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Tyson Looks To Settle Crash Dispute

October 1, 1998

LAS VEGAS (AP) _ Mike Tyson is heading toward his third relicensing hearing later this month, with a couple of legal obstacles still to resolve.

One involves Tyson’s alleged attack on two men following a traffic accident in Maryland. The other centers on whether his psychological records will be made public.

Tyson’s attorneys have begun talks to reach a settlement with the two men who claim he assaulted them following the Aug. 31 accident. Nevada boxing commissioners have said they want to question Tyson about the incident when they meet again to decide his boxing future.

A Saturday hearing before the Nevada Athletic Commission was postponed while Tyson’s attorneys negotiate the Maryland incident and put together the psychological records that were supposed to reach the commission by Monday.

A date for a new hearing has not been set, but Oct. 19 has been presented to both sides as a possible time.

Nevada authorities plan to release the psychological records to the public unless Tyson’s attorneys go to court to block such a release. Deputy Attorney General Kirk Hendrick said he expected a court challenge from Tyson’s attorneys.

Two Nevada boxing commissioners said they want to know what happens in Maryland before they vote on giving Tyson a license.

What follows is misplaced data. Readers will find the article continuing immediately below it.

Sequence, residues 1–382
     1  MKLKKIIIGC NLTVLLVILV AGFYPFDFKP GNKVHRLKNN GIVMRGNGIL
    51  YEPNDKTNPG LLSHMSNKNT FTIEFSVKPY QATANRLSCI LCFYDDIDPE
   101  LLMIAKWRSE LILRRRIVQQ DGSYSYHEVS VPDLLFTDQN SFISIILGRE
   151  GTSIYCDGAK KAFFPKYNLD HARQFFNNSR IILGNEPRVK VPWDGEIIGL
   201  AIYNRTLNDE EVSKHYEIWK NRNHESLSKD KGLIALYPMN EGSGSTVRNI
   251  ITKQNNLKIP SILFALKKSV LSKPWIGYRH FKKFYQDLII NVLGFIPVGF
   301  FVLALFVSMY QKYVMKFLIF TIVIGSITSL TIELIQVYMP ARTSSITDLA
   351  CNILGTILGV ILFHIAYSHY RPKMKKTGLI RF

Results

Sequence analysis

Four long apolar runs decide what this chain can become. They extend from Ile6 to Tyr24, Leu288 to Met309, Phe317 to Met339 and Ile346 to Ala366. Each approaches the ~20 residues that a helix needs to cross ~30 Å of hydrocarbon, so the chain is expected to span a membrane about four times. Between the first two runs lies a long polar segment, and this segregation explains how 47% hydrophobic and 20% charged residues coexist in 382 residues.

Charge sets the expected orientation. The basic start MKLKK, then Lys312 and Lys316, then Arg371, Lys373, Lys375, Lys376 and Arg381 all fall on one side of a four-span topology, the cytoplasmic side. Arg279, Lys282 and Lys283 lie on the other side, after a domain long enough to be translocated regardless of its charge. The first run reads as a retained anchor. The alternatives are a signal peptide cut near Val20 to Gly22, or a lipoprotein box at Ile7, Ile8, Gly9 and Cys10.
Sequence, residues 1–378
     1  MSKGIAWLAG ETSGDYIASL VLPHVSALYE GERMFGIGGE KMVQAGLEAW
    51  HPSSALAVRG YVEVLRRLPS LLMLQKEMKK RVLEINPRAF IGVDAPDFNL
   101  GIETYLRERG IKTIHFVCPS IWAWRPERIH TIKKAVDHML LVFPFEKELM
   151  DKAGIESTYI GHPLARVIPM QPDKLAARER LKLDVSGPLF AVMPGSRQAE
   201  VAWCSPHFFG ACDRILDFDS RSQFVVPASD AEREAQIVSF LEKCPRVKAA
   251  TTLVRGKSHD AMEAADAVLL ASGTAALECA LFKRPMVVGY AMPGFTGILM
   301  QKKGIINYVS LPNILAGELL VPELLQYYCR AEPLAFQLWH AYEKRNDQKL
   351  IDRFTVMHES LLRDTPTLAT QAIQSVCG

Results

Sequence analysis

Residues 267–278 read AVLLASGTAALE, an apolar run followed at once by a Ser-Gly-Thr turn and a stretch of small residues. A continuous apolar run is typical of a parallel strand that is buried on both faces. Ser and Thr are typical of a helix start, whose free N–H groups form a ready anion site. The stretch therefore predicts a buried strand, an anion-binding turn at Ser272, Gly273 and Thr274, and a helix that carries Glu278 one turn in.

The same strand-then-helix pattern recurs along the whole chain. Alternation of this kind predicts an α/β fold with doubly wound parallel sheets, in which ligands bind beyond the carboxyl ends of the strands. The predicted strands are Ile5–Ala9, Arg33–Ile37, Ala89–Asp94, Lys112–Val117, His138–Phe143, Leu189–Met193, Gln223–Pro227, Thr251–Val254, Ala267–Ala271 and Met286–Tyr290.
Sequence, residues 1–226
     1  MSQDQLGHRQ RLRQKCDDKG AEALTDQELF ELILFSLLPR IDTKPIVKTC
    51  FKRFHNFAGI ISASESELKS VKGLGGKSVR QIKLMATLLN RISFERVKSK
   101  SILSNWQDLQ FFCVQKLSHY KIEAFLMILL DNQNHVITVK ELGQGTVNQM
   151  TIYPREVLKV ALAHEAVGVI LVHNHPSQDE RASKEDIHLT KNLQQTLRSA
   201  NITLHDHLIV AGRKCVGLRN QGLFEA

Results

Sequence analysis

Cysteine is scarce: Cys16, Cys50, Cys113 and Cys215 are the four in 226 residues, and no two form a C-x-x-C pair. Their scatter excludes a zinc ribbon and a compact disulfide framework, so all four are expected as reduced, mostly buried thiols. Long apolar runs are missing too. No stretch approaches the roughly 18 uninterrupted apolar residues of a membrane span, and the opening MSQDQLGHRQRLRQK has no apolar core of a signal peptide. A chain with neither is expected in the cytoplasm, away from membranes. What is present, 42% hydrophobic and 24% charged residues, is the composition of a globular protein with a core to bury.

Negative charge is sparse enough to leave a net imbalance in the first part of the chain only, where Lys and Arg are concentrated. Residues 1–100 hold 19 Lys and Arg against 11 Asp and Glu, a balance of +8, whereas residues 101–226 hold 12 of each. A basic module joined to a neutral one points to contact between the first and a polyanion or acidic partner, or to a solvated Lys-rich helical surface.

``Hopefully, this will all be resolved before the hearing,″ Tyson adviser Jeff Wald said. ``We’re going to try to deal with it before then.″

Tyson refused to answer questions about the matter at his Sept. 19 hearing before the Nevada commission.

But with commissioners now on the record saying they want answers before giving Tyson a new license, the boxer’s lawyers have begun negotiations on a settlement.

Richard Hardick, 50, says Tyson kicked him in the groin after Hardick’s car rear-ended a Mercedes driven by Tyson’s wife, Monica, Aug. 31 in a Maryland suburb. Hardick and Abmielec Saucedo, 62, who said Tyson punched him in the face, have filed criminal complaints.

Hardick’s attorney, Roger Titus, confirmed Wednesday that he talked to Tyson’s lawyers about a possible settlement, but that no agreement was reached.

``I have talked as I would in any case,″ Titus said. ``In any civil case, settlement is always a possibility.″

Even if Tyson settles with the two men, Maryland prosecutors could go ahead with criminal charges, Titus said.

Wald said clearing up this dispute means more to Tyson than just a return of the license he lost for biting Evander Holyfield’s ears last year.

Tyson is still on probation from his rape conviction in Indiana and could conceivably be returned to prison if convicted of another crime.

``The impact on Mike’s life if there were charges in this incident far exceeds his boxing license,″ Wald said. ``It comes to the matter of his freedom.″

Wald said Tyson would not give up his right to presumed innocence by talking about the incident before the commission.

Others close to Tyson, who asked not to be identified, said any settlement would not be especially lucrative for the two men, even if they believe they have leverage over Tyson because of the pending commission vote.

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